/6)is a continuous-time function, the sampled version of the signal, sin(n/6), is a discretetime function. A digital computer cannot store all points of a continuous-time signal since this would require an infinite amount of memory. It is, however, possible to plot a signal which looks like a continuous-time signal, by computing the value of the signal at closely spaced points in time, and then connecting the plotted points with lines. The Matlab plot function may be used to generate such plots. Steps for plotting continuous time signals are as follows: 1). Assign the value dt very small, as per Sampling Theorem. 2). Vary the timet between two points with an increment of dt. Use the following sequence of commands in a script file to generate two continuous-time plots of the signal sin (t/6). 1 % Generate Continuous-time sinusoidal signal 2 t1 = 0:0.1:6, 3 z = sin(t1/6); 4 subplot(3,1,2) 5 plot(t1,z) 6 t2 = 0:2:60; 7 w = sin(t2/6); 8 subplot(3,1,3) 9 plot(t2,w) As you can see, it is important to have many points to make the signal appear smooth. So, the selection of sampling period is critical in getting CT signal smooth, it must be chosen such that smooth plot is obtained at the same with not much large array size with not much improvement in graphical representation of CT signal. For given CT signal, Steps for converting CT signal to the DT signal are as follows: 1) Assign the value of sampling time, T. 2) Vary the time integer n between two integer points with an increment of 1. 3) The discrete version can be obtained as: y (n) = y(nT).

IN LAB EXERCISE Basic CT Signals and DT Signals Q1. Plot the following continuous-time functions over the specified intervals. Write single script files for all CT signals with name CTsignals_GroupNo. X.m. Use the plot and figure command, and be sure to label the time axes. (a) Unit Impulse function, x1 (t) = (t) (b) Unit Step function, x2(t) = u (t) for t = [-2, 2]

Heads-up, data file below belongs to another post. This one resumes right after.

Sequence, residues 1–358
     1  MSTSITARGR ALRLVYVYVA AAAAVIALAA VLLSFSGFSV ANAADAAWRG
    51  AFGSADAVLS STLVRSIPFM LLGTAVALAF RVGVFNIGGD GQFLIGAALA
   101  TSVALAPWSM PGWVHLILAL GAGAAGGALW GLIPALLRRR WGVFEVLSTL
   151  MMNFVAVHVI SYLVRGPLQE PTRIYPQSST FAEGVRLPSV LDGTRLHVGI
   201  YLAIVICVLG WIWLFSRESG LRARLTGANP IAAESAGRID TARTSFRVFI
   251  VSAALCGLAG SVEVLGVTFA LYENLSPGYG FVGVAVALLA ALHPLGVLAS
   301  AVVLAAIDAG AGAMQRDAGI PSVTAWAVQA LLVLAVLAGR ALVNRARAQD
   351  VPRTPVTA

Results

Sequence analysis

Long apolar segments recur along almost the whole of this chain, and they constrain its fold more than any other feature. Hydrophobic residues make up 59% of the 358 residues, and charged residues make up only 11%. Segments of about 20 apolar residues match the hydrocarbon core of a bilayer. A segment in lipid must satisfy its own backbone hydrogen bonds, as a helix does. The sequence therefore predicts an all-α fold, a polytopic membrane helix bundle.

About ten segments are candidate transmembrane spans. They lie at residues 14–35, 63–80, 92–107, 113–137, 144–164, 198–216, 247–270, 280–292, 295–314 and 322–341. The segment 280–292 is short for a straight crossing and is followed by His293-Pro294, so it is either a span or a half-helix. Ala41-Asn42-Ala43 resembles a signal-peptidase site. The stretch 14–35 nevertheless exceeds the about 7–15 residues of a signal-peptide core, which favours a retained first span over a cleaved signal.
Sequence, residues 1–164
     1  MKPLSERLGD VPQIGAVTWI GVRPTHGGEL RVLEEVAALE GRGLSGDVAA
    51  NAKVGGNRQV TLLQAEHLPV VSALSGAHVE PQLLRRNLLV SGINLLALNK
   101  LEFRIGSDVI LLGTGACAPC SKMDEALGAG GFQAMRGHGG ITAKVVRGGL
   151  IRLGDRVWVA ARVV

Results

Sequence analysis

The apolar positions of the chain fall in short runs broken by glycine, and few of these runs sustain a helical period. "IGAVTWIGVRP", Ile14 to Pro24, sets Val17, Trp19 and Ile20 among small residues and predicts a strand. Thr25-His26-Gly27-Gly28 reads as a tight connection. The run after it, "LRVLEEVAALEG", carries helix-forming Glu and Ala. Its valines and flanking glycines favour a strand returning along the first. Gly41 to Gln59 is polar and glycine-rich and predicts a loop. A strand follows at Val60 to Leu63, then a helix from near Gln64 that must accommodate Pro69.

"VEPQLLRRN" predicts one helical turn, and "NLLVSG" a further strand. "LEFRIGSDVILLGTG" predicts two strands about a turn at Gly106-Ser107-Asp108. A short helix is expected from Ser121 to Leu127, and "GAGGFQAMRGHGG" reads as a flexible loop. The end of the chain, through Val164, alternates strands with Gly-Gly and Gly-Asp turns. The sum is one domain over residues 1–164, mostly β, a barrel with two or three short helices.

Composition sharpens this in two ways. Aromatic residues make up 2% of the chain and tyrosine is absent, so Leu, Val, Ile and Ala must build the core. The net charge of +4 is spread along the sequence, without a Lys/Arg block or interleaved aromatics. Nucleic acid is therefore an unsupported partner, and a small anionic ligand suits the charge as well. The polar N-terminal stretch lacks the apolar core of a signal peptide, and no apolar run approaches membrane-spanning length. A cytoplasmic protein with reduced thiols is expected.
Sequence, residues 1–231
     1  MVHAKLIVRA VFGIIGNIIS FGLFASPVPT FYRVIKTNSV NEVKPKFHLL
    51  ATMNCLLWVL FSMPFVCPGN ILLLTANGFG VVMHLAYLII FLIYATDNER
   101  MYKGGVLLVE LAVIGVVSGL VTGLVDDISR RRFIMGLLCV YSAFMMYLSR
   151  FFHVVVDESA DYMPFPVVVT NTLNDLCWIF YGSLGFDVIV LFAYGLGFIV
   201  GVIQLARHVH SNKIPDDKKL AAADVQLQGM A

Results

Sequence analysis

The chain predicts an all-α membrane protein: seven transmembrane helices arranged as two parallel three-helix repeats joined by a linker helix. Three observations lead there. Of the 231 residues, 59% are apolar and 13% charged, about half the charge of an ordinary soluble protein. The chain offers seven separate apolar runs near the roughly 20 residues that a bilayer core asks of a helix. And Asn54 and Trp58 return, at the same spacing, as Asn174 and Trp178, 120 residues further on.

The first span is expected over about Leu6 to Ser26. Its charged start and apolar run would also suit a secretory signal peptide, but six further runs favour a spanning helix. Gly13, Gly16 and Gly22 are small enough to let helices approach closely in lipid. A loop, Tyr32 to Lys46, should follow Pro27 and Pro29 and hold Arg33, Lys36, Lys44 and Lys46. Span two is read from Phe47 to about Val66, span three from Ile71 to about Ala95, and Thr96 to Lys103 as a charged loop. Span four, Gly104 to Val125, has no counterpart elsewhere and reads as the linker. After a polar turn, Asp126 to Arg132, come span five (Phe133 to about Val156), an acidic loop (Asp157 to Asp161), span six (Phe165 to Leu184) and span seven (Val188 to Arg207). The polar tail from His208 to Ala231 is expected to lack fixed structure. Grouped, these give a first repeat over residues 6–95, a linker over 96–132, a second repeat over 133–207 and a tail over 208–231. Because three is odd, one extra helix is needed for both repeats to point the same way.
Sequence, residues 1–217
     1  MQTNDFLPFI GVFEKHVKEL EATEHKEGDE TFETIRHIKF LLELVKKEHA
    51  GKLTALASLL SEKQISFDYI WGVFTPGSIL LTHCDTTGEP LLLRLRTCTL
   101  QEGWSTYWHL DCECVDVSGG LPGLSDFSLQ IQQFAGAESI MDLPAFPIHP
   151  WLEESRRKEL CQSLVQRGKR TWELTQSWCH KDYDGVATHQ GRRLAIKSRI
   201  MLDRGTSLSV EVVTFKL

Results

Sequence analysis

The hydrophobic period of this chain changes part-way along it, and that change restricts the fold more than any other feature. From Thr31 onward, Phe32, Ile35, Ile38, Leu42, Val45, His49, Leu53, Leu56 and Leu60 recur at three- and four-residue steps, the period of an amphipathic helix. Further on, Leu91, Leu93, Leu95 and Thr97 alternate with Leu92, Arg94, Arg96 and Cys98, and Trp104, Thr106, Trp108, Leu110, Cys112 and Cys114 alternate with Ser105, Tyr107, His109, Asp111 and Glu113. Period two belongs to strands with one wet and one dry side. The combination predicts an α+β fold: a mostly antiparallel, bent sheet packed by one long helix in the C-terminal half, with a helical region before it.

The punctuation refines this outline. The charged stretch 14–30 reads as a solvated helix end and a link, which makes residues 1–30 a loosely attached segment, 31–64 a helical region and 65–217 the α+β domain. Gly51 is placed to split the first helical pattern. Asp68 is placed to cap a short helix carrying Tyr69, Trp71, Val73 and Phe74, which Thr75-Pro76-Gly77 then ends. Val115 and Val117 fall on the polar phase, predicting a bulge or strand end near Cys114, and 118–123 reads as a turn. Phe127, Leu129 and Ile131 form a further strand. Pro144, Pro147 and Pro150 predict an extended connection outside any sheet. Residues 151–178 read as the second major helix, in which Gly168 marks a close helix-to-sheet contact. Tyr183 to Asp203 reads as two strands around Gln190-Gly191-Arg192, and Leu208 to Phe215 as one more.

(c) Unit Ramp function, x3(t) = r (t) for t = [-2, 5] (d) sinusoidal function, x4(t) = 3*sin(2*pi*f*t), where f = 200 Hz for t = - 1 to 1 secs (e) Exponential function, x5(t) = e-at for t = [-4, 4] for a= 0.5, 1.5. Comment on the effect of time scaling. (f) rect(t) for t = [ -2 , 2] (g) sinc(t) for t = [-1, 10] Hint: These functions may be computed in Matlab by using a Boolean expression. For example, if t = -10: 0.1: 10, then y = u (t) may be computed using the Matlab command x = t > 0. Q2. Also write another .m - script file to stem the corresponding discrete-time function with name DTsignals_GroupNo. X.m. Use the subplot command to put Q2.a) - c) plots in a figure 1, Q2.d) - e) plots in a figure 2 and Q2.f) - g) plots in a figure 3. Issue the command orient (tall) just prior to printing to prevent crowding of the subplots. Random Signals The objective of this section is to show how two signals generated using same script file and look similar can be distinguished by computing their average over a large interval. Q3. Generate two discrete-time signals called sig1 and sig2 of length 1, 000. The samples of sig1 should be independent, Gaussian random variables with mean 0 and variance 1. The samples of sig2 should be independent, Gaussian random variables with mean 0.2 and variance 1. Use random or randn to generate these signals, and then plot them in a same figure. (An alternative name for a Gaussian random variable is a normal random variable.) Next form a new signal ave1(n) of length 1, 000 such that ave1(n) is the average of the vector sig1(1:n) (the expression sig1(1:n) returns a vector containing the first n elements of sig1). Similarly, compute ave2(n) as the average of sig2(1:n). Plot the signals ave1(n) and ave2(n) versus n on a same plot. Comment on how the average values changes with n. POST LAB EXERCISE Q1.Generate the waveform of following signals: For CT signals, t = is -10 to 10 sec Take appropriate value of sampling interval. (a) (b) (c) (d) (e) (f) xa(t) = (t + 2) xb(t) = (t + 2) - (t -2) xc(t) = t u(t) xd(t) = u (t) u(t - 5) xe(t) = r (t +1) r (t) + r (t - 2) xf(t) = exp(-t) sin(2t) + exp(-t/2) cos(5 t)

Q2. For DT signals, n = -5 to 5 samples a. b. c. d. e. f. xa[n] = r[-n] xb[n] = exp(n-1) xc[n] = [n - 1] [n - 2] xd[n] = u [n + 1] 2u[ n] + u [n-1] xe[n] = r [n + 2] r [n - 2] xf [n] = an cos(2 n)

## Q3. Sketch the waveform:

b. Using the result of part (a), compute the derivative of v(t), and sketch its waveform. Q4. Sketch the waveform: